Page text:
Monday, 19 May 2014

RIP Alicia

Well after coaxing Alicia to stand for a couple of weeks, Ian came home one morning and said, "she won't stand at all. Can you come out and help me?" I went out with him and we tried to get her moving, we tried rubbing her legs to stimulate the circulation, in case they had gone to sleep by sitting too long, but she was having none of it. Ian at this point decided, enough was enough and we called round to see the vet. We opted to have her put down the following day, as Alicia didn't seem particularly distressed and she wasn't making a lot of noise calling to the others, as they do when they are bothered about sitting on their own. The vet came the next day and I noticed that Alicia seemed to have ballooned up, so something was going on. Ian held her head in his arms while the vet found a vein and while the injection took effect. She passed away peacefully. We then had to carry her out to the tractor to transport her to our barn for an autopsy. Not exactly the most elegant of transportation, but needs must. We found out the reason for her ballooning up anyway, it was fluid collecting in her abdomen and it contained a lot of protein that would suggest liver failure, but her liver looked fine. On reading up on the internet afterwards, we are inclined to think it was heart failure. The vet thought her heart looked big, but she wasn't sure how big an alpaca heart should be. She is now buried up in the corner of one of our fields, it wasn't the most pleasant of jobs, as it was difficult to do it gently, but we figured she was past caring.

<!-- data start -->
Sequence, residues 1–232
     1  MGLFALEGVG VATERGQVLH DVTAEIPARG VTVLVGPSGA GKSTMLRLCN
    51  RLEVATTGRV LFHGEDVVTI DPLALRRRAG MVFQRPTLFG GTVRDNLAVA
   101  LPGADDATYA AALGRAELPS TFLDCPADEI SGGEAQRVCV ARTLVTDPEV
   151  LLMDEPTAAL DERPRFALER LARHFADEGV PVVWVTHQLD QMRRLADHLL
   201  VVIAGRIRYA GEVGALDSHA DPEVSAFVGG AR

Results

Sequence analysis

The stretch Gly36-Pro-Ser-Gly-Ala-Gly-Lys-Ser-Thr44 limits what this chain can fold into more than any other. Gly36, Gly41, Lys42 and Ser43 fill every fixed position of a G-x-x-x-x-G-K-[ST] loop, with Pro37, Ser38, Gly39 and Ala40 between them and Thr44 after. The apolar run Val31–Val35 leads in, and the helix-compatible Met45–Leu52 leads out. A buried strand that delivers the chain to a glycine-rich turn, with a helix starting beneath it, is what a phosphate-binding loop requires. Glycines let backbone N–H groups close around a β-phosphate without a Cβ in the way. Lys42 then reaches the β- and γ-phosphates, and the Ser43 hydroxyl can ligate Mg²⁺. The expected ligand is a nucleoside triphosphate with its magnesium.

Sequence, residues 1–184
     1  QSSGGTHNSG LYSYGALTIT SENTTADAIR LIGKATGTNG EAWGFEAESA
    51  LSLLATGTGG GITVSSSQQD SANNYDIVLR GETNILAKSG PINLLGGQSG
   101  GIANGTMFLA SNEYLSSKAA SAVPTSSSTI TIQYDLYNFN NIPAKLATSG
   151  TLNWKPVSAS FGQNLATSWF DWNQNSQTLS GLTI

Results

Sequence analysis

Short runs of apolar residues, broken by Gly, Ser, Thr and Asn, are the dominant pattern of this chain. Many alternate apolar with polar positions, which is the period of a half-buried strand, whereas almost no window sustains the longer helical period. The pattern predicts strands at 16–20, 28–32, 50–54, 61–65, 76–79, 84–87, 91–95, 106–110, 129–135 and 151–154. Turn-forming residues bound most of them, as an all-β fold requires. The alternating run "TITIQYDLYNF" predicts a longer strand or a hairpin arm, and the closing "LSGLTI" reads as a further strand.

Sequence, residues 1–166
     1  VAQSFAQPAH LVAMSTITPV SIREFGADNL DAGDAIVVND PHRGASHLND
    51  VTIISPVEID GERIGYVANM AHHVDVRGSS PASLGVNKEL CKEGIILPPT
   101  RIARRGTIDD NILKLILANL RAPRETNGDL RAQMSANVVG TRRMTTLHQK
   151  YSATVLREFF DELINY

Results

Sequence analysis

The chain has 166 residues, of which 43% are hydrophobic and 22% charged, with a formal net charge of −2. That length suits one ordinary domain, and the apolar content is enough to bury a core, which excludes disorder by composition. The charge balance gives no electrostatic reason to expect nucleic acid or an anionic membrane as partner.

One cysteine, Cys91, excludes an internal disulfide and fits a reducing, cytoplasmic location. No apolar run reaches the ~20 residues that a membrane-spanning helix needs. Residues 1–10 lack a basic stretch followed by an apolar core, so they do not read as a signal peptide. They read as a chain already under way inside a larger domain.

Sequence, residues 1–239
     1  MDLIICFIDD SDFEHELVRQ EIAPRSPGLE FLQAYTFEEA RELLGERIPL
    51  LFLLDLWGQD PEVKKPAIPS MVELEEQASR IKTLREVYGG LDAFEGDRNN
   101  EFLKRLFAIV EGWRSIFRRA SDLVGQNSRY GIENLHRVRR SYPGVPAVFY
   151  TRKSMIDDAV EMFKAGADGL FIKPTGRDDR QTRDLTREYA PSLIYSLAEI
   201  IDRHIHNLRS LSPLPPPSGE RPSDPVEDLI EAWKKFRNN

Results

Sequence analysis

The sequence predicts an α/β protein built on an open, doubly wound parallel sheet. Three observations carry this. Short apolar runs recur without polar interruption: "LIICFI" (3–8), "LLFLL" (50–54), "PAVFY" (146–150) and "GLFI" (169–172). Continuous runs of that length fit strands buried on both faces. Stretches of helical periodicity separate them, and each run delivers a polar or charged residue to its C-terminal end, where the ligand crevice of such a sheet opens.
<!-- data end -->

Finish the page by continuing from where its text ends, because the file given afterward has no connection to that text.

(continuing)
Alicia's corner. A nice restful place
Veronica hogging the water bucket
Of course Ian found it hard, she was a lovely alpaca who would stand a bit of molly coddling and they had been through a lot together, what with the baby she gave birth to in the coldest of months and then the lung infections - or at least that's what we thought might be the case. Maybe it was her heart all along, making it difficult to breathe at times. I don't know, I'm not a vet, I'm a pharmacologist or at least was back in my younger days. Today, though Ian is thankful we did what we did, it has been so hot and if she couldn't stand, she wouldn't have been able to reach the water bucket. She was also our only black alpaca and as such would have absorbed a lot of heat. Our two pregnant alpacas have been suffering in the heat, one takes her place by the water bucket, continually sipping out of it and won't let the others near. I'm off tomorrow to get extra buckets. They won't even go out much to eat the grass that is finally growing, they just sit inside their shed eating the hay, out of the sun. I had a bit of a brainwave this morning and suggested to Ian that he moves their fence to incorporate the trees and so they can sit out under those. It is nearer to the boys paddock and a bit of a stretch for the fence from the girls, but they take priority at the moment. They get the afternoon shade too, as they are nearer the trees, good in summer but colder in winter. You can tell how hot it must have been, it is 9 o'clock at night here and still 24C out on the balcony. This is May isn't it?